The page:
Taking a look at a six-pack of Patriots’ free agent decisions from Thursday
|03.16.12 at 12:41 am ET|
The Patriots made some noise in free agency on Thursday, picking up a pair of new players in defensive lineman Marcus Harrison and safety Steve Gregory; re-signing a pair of their own free agents in offensive lineman Dan Connolly and special teamer Matthew Slater; and apparently kicking the tires on safety LaRon Landry and defensive end/outside linebacker Trevor Scott. Here’s a quick look at what it all means for the franchise.
Harrison: A guy who has been in New England before — he was on the roster for a day last October — Harrison is a 6-foot-3, 316-pound defensive tackle who projects as a backup along New England’s defensive front. The 27-year-old was a third-round pick of the Bears in 2008 (90th overall) out of Arkansas, but in 37 career games over three seasons with the Bears, Harrison has done little to distinguish himself: he’s amassed 55 tackles, 3.0 sacks and three passes defensed. (He had previously failed a physical with the Panthers in September because of a knee problem.)
Gregory: This is probably the biggest signing of the day. New England gets itself a safety who some believe was playing out of position with the Chargers — next to Eric Weddle, San Diego had him in more of a strong safety position. (Pro Football Focus had him graded out as a -10.8 for the 2011 season.) With the Patriots, the 29-year-old could find a home at free safety, challenging James Ihedigbo for snaps. In addition, the presence of Gregory on the roster (and the possible acquisition of Landry) could mean Devin McCourty will make a full-time return to corner in 2012. Regardless, the 5-foot-11, 185-pounder does have some positional versatility — he has worked as a safety, and also spent time in the slot and on special teams, bringing the positional flexibility that they crave in Foxboro. According to reports, it’s a three-year deal worth roughly $8 million.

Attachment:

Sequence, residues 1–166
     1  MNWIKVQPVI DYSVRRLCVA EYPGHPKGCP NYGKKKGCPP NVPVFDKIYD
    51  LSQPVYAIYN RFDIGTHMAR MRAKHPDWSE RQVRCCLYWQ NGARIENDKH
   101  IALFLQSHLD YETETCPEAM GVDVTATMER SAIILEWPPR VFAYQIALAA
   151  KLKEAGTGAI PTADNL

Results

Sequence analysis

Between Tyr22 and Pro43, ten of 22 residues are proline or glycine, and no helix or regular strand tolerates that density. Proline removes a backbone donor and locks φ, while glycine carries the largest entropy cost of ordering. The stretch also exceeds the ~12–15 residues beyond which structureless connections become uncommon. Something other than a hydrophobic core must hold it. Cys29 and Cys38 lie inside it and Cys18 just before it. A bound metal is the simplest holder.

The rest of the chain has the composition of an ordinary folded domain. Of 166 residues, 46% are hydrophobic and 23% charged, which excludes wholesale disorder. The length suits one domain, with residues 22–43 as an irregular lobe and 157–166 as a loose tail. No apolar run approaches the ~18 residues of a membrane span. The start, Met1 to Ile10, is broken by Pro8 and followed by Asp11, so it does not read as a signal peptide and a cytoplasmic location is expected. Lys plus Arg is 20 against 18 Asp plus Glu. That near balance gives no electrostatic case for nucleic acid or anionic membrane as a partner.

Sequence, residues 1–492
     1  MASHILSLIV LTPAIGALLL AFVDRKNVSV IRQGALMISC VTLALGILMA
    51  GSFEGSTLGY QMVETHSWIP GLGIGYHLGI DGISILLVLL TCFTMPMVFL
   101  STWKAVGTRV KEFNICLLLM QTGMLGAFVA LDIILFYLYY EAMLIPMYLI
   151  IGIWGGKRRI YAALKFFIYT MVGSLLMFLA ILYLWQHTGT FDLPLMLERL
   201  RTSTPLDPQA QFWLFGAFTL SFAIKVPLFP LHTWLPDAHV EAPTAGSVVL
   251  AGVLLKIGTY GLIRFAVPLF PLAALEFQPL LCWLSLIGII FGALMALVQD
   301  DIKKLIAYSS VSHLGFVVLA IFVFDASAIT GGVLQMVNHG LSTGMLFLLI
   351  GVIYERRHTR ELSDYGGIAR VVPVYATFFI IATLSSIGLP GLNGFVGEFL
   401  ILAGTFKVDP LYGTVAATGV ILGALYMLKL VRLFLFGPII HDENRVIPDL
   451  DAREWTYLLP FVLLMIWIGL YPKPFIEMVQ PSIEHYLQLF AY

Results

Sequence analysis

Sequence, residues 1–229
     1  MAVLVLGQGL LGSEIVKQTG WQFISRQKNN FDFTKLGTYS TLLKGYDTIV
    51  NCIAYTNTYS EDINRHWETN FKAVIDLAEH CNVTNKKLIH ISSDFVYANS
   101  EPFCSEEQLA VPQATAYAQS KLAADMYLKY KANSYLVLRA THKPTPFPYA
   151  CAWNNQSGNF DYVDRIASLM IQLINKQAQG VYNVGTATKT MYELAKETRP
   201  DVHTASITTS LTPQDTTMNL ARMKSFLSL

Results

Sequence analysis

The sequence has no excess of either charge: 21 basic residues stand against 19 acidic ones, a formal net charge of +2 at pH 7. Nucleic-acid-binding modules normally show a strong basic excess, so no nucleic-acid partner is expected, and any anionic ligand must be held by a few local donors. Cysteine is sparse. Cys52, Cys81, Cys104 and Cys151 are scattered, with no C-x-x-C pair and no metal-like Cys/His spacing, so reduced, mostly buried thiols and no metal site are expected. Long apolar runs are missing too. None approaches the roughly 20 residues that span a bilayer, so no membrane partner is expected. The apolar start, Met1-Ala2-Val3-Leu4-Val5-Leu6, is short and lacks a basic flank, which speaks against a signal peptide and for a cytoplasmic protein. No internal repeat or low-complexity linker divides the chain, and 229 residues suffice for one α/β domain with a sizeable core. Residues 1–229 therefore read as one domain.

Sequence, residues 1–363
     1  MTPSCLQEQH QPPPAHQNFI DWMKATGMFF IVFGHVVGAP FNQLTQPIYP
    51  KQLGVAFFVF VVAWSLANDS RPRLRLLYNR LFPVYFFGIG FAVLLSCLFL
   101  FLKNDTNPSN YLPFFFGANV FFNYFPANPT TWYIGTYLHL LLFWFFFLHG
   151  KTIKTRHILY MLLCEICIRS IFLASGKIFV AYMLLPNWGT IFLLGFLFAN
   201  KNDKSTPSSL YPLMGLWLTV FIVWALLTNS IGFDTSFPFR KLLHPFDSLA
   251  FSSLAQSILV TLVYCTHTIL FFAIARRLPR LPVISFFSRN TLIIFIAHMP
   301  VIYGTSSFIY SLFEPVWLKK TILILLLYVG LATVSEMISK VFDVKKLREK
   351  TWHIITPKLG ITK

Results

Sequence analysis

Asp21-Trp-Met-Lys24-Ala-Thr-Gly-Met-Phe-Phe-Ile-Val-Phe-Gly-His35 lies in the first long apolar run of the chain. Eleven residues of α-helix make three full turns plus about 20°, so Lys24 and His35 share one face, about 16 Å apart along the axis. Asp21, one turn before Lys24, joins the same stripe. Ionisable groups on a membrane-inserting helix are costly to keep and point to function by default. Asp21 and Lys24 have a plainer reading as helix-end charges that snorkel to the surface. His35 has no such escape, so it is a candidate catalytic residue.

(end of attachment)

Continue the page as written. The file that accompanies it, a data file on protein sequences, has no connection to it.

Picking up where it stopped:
Connolly: No numbers are available, but it’s hard not to like this signing on the surface. Connolly is a versatile presence on the offensive line, having started as a guard and center over his four seasons in the NFL. The 6-foot-4, 313-pound Connolly has played in 42 games with the Patriots, including 13 games last season, most of which were serving as the starting center after Dan Koppen went down. Connolly will never be an All Pro, but he works well with Brady and the rest of the offensive line, is versatile and is an above average presence at both guard and center. (It will be interesting to see how the return of Connolly affects the negotiations with fellow free agent offensive lineman Koppen.)
Slater: Every team needs someone like Slater — a selfless, high-character guy who is willing to do just about anything to hang around the roster, whether it’s working at wide receiver, safety, or as a special teams’ captain. (Slater led the team with 17 special teams tackles in 2011.) He made his first Pro Bowl this past season, a well-deserved honor. The move gets a big thumbs-up here.
Scott: The 6-foot-5, 255-pounder out of Buffalo had 12 sacks his first two seasons, before having a season-ending knee injury 10 games into 2010. He appeared to struggle last season with the Raiders, where he was utilized almost exclusively as a left defensive end. According to Pro Football Focus, he played 251 defensive snaps in 2011 with Oakland (never more than 50 percent of snaps in a game), and had five quarterback pressures but no quarterback sacks or hits. Overall, he was graded out by PFF at a -11.6. If healthy, he could be insurance for the Patriots depending on what happens with free agent pass rushers Mark Anderson and Andre Carter. (He’s scheduled for an upcoming visit, per Shalise Manza-Young of the Boston Globe.)
Landry: The Patriots were able to beef up their safety spot with the addition of Gregory on Thursday, but Landry still remains on their radar, an intriguing possibility for a team that could still use some depth at the spot. Health is likely the biggest concern with Landry, who has played just 17 games the last two seasons. One NFC East scout said that when healthy, Landry is an active presence in the secondary, but he does have his drawbacks. “He has the ability to be a dynamic playmaker,” he wrote in an e-mail to WEEI.com on Thursday. “He plays sideline to sideline, and with great energy. There are some issues in coverage being overaggressive, but he’s at his best when attacking the ball.”
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